In honour of their latest album ‘The Eldorardo Spell’, we spoke to Kryptograf guitarist Vegard Bachmann Strand about recording and working with Iver Sandøy (Enslaved) & Gaahl (Gaahls Wyrd, formerly of Gorgoroth), his early influences as a guitarist as well as, of course, his choice of Orange.
Kryptograf, can we get some background on the band?
We have been playing together in different bands since 2016. We all met when we went to the same school in Trondheim. I guess it all started when Odd and I became roommates in 2015 and started making music together. We decided to start Kryptograf in 2019 because we wanted a fresh start after playing for years in a different band with the same lineup plus a singer. We wanted a band with a clear direction where we could really dig into the proto-doom stuff.
Kryptograf just released their second album, “The Eldorado Spell”, what can you tell us about it?
When we started writing our new album we didn’t want to make the same album twice. While our first album was quite focused on the more primitive era of hard and psychedelic rock of the late 60’s, «The Eldorado Spell» kicks things up a notch. This album has more of a mid 70’s heavy metal feel to it as well as it contains more progressive elements and melodic twists. There’s also some inspiration from 60’s folk rock groups like Pentangle and Fairport Convention. The album was recorded live, mixed and mastered in Solslottet studio by our producer Iver Sandøy in 2021. He did our first album as well and we really like working with him. There is also some guest appearances on this album. Some vocals done by Kristian Eivind Espedal (Gaahl) and some trumpet by Ørjan Hammer Volvik.
How did you get Gaahl involved on the record, and how was it working with him? Obviously he’s quite a prominent musician not just in the Norwegian music scene, but in the black metal community on a global scale.
Gaahl’s participation on the record was actually a spontaneous idea we got when we were in the studio recording vocals. We needed a scary dark voice for some spoken words on the title track. Our producer Iver Sandøy has worked a lot with Gaahl and knows him well. Suddenly Iver sent us the finished master of The Eldorado Spell and there he was! I remember I got chills down my spine when I first heard it! Unfortunately I did not get the opportunity to be there when it happened, but I am very grateful that he wanted to join!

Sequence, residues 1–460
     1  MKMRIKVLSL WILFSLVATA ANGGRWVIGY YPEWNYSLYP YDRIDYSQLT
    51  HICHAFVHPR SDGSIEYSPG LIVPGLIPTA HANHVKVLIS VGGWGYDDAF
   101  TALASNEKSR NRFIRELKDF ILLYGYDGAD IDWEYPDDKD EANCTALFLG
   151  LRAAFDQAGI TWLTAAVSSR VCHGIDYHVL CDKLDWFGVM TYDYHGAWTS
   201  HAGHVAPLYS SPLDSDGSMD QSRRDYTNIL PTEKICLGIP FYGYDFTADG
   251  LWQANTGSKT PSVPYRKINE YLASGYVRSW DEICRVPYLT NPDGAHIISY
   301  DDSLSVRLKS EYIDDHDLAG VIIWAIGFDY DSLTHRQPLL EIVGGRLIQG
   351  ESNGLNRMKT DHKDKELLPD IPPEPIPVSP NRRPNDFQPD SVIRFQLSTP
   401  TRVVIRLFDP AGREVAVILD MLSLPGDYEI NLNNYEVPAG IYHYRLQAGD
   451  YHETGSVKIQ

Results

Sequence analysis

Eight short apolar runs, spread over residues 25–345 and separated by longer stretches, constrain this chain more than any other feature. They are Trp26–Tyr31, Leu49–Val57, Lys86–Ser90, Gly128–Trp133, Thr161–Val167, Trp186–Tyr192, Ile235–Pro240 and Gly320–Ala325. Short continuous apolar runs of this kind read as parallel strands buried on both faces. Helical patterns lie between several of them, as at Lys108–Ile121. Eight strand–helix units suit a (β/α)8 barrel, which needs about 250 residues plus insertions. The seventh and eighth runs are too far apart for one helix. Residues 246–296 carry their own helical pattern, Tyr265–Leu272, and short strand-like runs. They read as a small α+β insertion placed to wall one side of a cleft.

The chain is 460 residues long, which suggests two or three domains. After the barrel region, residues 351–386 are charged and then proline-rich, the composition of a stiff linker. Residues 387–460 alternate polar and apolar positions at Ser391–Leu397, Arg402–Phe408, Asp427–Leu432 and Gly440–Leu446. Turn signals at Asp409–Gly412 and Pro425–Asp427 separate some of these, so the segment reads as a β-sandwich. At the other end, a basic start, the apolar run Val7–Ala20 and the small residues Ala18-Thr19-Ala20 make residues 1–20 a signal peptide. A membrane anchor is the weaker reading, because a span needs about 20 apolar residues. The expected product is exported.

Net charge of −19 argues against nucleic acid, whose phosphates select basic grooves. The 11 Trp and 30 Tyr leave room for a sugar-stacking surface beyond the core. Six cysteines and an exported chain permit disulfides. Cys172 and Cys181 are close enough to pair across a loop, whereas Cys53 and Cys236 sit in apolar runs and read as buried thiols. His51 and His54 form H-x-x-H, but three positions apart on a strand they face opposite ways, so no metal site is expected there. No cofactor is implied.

You’ve released both album’s on Bergen based Apollon Records, how did you end up with them?
We started working with Apollon when we released our first album. They just seemed like very honest and cool people. They did a great job with our first album and we wanted to continue working together on this one.
Opening track “Asphodel” is quite a progressive surprise compared to your previous work, was that an intentional shift in direction or just a result of your jamming and writing?
I think this is just a result of us jamming together in our rehearsal room. We don’t like to think things through so much when we are writing our songs, things just happen. We really liked the folky vibe of the last part and decided to work a bit on that by adding some acoustic guitars and stuff.
Your self-titled debut album was released just at the start of the pandemic, and you haven’t really had much of a chance to play those songs live. For this one, you’ve been playing full capacity, no-restriction shows. How has it been to be able to return to that?
It has been awesome! We just finished a Norwegian tour which included two sold out shows in Oslo and Kristiansand and we will also be playing at the Sonic Whip festival in Netherlands in May which will be very cool!
Which artists would you say played major roles as inspiration when you were young? Were there any musicians or guitarists in particular that inspired you to pick up the guitar, or perhaps a certain song?
I think I must say Black Sabbath was the biggest inspiration for me! I remember my mum took me to see them live in Bergen as a kid in 2005. I was completely mindblown! I loved all kinds of 70s rock music growing up, but my favourite guitar players must have been Tony Iommi, Angus Young and Ritchie Blackmore.
You’re an Orange guy, do you remember your first ever encounter with our amps, whether it was seeing them played live on stage or in a video, or playing them yourself?
I think the first time I discovered Orange amps was when I saw Black Sabbath using them in a TV show from 1970. I guess that’s a bit ironic since Tony was normally a Laney player, but those orange amps looked and sounded so cool! I also remember seeing Matt Pike using his gigantic walls of orange amps and I really liked the sound of them.
What’s your current rig, and how did you end up with that?
My current rig is a Orange OR50 and a PPC212 cabinet. Absolutely love that rig!
If you could add any Orange amps to your rig, which ones would they be, and why?
I would love to own some vintage Orange amps. For example, one of those old pictures only amps or a OR80. I also love the sound of a Rockerverb. Really versatile and great amps.
Check out Kryptograf’s 2021 Orange Jams session below: